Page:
Global Nutrition Report 2021 – India’s Position

  • More than 50% of Indian women in the age group 15-49 years are anaemic.
  • More than 17% of children under 5 years of age are affected by childhood wasting.
    • India has made no progress in reducing childhood wasting.
  • India is ‘on course’ to meet the target for childhood stunting and childhood overweight.
  • India is meeting 7 of the 13 global nutrition targets which include sodium intake, raised blood pressure (both men and women), obesity (both men and women) and diabetes (both men and women).

Global Nutrition Report 2020 – Key Observations for UPSC

The 2020 Global Nutrition Report examines the critical role of addressing inequity to end malnutrition in all its forms. Inequity is a cause of malnutrition – both undernutrition and overweight, obesity and other diet-related chronic diseases.

Although the 2020 report was written before the Coronavirus pandemic situation, it emphasises nutritional well-being for all and the fact that COVID-19 does not treat us equally. The undernourished are more at risk of getting affected by such viruses because of weak metabolism.

Discussed further below are the important points and observations made by the data collected for India in the 2020 report. 

Global Nutrition Report 2020 – India’s Status

Of the set targets based on which the report is formed, India succeeded with only two and the condition for the rest was reported to worsen even further. 

The targets which were found on the track included:

  • Stunting percentage for children below the age of 5 years
  • Under-5 overweight

The targets where either no progression was made or the conditions worsened further include:

  • WRA anaemia
  • Under-5 wasting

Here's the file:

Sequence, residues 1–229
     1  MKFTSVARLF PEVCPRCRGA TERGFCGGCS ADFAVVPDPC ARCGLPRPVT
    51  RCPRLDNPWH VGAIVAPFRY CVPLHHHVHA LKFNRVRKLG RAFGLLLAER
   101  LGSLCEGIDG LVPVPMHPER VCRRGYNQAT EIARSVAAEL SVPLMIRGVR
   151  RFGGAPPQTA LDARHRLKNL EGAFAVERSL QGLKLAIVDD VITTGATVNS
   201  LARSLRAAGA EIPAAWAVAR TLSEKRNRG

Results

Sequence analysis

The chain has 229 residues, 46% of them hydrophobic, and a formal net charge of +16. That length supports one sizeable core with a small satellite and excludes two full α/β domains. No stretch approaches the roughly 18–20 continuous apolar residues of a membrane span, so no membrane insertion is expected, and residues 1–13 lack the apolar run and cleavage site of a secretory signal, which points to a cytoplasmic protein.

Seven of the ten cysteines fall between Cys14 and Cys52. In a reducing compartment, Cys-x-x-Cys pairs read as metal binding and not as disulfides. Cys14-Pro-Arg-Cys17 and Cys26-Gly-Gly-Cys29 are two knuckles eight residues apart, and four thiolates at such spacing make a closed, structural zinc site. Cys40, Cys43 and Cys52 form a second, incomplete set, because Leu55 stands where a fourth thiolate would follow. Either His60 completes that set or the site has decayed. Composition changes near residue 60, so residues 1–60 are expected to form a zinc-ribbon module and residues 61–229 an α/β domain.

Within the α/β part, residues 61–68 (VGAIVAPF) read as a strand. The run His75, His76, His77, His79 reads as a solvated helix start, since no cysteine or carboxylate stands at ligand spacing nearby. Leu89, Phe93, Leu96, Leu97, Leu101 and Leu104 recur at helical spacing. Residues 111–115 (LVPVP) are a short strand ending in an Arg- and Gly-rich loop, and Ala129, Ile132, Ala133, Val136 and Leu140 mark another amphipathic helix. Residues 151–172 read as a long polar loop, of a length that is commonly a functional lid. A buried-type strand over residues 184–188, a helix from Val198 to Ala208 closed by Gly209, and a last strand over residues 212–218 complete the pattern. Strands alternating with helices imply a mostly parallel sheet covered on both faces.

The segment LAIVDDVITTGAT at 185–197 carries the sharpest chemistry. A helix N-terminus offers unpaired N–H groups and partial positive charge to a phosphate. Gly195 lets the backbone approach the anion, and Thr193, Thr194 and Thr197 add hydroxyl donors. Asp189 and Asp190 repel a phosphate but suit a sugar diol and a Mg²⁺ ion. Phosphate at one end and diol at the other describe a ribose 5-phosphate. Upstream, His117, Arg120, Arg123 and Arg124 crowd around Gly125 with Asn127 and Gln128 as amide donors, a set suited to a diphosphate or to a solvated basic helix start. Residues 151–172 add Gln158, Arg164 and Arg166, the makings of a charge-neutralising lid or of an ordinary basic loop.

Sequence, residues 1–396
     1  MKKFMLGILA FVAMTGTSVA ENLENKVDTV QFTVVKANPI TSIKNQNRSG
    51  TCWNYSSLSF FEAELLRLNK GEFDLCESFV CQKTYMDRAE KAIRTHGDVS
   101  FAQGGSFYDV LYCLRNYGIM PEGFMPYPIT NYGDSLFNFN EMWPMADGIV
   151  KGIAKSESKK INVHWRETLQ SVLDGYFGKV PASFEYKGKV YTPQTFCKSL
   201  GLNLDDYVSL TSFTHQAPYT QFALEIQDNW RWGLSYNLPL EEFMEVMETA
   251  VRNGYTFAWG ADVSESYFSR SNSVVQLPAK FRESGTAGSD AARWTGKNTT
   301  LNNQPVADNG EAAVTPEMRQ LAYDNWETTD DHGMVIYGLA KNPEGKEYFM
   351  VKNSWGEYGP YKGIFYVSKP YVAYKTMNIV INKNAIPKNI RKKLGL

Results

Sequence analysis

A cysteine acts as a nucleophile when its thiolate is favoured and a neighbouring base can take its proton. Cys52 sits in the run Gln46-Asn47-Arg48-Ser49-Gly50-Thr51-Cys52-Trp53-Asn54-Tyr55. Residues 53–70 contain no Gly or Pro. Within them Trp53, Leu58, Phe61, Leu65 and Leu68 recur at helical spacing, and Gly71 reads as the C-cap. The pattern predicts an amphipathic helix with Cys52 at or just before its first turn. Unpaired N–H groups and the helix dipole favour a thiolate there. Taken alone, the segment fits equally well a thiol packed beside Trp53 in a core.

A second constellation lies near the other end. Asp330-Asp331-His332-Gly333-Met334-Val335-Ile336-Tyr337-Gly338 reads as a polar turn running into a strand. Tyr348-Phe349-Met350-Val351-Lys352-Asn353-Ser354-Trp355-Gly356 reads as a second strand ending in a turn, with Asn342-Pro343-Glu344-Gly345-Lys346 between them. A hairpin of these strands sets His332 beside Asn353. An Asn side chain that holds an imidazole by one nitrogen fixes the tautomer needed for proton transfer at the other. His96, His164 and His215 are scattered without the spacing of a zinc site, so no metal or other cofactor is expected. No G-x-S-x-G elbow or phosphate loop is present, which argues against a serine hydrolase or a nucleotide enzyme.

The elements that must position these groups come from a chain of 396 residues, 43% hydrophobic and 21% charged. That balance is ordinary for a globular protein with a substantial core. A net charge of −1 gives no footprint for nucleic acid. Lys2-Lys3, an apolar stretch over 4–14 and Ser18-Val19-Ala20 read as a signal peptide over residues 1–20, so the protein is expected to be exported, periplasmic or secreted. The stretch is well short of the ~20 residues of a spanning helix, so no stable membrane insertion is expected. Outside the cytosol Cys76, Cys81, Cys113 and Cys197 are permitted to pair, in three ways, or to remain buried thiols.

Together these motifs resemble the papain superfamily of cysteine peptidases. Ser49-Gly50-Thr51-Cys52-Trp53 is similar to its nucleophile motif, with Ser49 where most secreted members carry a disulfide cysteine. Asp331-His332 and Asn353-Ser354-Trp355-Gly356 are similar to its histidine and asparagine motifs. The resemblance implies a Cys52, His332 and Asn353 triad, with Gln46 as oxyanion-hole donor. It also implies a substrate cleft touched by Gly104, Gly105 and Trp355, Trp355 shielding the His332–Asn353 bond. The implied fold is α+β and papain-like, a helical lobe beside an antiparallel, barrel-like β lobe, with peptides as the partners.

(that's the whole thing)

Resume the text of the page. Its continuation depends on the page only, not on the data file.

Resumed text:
• Adult male and female obesity
  • Adult male and female diabetes

Given below are some important pointers mentioned in the Global Nutrition Report 2020 for India:

  • Although India is on course to meet the target for stunting, 34.7% of children under 5 years of age are still affected, which is higher than the average for the Asia region (21.8%)
  • India has made no progress towards achieving the target for wasting, with 17.3% of children under 5 years of age affected, which is higher than the average for the Asia region (9.1%) and also one of the highest in the world
  • As for overweight children below the age of 5 years, India is on track with the developments with just a 1.6% figure
  •  The country has even shown limited progress towards achieving the diet-related non-communicable disease (NCD) targets
  • In terms of obesity in adults, India has not made much progress, with an estimated 5.1% of adult women and 2.7% of adult men living with obesity. At the same time, diabetes is estimated to affect 8.3% of adult women and 9.1% of adult men
  • No progress has been made towards achieving the target of reducing anaemia among women of reproductive age, with 51.4% of women aged 15 to 49 years now affected

Global Nutrition Report 2022 [UPSC Notes]:-Download PDF Here

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Other Related Links
Global Competitiveness Index Food Security of India – Food Subsidy Delivery, Challenges Nutrition and India [UPSC Notes for GS I]
National Nutrition Strategy Poshan Abhiyaan – National Nutrition Mission Zero Hunger Programme 
List of Government Schemes in India Global Indices & India’s Ranking  UPSC Mains General Studies Paper-II Strategy, Syllabus & Structure